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First off today, Ars Technica recently had its Facebook fan page suspended after a false DMCA takedown notice was filed with Facebook, prompting them to close the page. After about 24 hours of publicity on the issue was well as back and forth with Facebook, Ars was able to get its Facebook page restored but, during the incident, other horror stories about fan pages and Facebook accounts lost to such notices began to emerge. This, in turn, prompted Facebook to promise and review its policies and make needed adjustments moving forward.
Next up today, the U.S. government is launching a new anti-piracy campaign and is using the domains for former pirate sites to do it. According to reports, some 65 of the domains seized in recent Department of Justice and Immigration and Customs Enforcement actions did not receive appeals before the deadlines and, as such, are now property of the U.S. government. The government, in turn, is using the domains to spread a viral video on the topic of piracy and hosting other anti-piracy information. The other fifteen domains seized as part of “Operation In Our Sites” have been appealed and that process is ongoing.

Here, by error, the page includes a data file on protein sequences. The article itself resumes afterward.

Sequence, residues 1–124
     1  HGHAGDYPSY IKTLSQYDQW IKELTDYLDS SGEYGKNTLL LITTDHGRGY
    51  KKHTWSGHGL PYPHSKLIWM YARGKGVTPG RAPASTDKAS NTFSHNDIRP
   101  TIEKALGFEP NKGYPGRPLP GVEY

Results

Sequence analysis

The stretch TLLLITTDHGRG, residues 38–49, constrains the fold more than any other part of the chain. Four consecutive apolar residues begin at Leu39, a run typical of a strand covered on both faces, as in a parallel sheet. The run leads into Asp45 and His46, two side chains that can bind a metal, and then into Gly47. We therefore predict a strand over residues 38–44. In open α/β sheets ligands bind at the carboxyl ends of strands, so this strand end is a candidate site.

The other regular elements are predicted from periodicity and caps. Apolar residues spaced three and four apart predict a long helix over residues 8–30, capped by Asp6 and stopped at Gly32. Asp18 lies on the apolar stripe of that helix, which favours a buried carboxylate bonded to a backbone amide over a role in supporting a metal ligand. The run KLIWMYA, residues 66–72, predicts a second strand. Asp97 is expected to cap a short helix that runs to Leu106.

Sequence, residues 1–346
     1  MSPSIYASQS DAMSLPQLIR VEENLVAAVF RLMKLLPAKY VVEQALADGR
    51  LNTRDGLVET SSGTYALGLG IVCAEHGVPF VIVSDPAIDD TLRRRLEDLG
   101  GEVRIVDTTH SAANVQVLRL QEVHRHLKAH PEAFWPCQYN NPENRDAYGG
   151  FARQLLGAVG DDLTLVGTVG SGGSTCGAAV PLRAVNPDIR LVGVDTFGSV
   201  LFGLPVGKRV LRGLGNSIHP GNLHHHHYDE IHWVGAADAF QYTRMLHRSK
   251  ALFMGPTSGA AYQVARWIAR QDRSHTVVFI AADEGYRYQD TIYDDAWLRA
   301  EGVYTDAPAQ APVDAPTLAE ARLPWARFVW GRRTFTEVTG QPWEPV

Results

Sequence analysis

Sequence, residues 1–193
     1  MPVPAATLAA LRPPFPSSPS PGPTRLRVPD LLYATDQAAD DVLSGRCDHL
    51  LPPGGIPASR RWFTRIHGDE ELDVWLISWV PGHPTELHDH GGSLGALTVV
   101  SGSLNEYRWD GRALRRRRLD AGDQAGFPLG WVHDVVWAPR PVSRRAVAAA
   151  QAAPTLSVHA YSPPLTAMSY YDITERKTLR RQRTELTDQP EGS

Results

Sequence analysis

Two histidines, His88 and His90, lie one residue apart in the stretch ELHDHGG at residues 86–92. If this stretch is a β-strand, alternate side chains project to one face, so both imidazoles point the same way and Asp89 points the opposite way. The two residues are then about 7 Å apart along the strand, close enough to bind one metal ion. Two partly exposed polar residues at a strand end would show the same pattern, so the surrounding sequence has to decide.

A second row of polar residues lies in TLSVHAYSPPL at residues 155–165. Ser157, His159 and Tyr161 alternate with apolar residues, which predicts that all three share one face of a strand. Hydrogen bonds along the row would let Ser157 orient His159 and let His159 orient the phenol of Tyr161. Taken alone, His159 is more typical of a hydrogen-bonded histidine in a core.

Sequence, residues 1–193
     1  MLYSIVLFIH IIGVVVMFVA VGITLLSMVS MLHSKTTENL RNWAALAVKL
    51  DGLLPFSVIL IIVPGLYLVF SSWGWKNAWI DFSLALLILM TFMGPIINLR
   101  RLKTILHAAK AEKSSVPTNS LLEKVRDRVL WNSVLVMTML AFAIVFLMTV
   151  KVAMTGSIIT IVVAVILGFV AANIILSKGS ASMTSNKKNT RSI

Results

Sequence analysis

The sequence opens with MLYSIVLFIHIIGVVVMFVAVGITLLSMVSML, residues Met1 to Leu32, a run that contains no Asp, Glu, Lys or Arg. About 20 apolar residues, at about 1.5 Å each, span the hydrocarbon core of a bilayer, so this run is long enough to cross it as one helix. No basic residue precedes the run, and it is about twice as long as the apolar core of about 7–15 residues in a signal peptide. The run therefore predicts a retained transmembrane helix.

Finally today, S. Victor Whitmill, the tattoo artist who drew the famous face tattoo on Mike Tyson, is suing Warner Brothers after a similar tattoo appeared on the face of Ed Helms’ character in the upcoming movie “The Hangover 2”. Whitmill is seeking to bar the studio from using the tattoo in their advertisements and in the movie itself as well as damages. The movie debuts in theaters May 26.
That’s it for the three count today. We will be back tomorrow with three more copyright links. If you have a link that you want to suggest a link for the column or have any proposals to make it better. Feel free to leave a comment or send me an email. I hope to hear from you.
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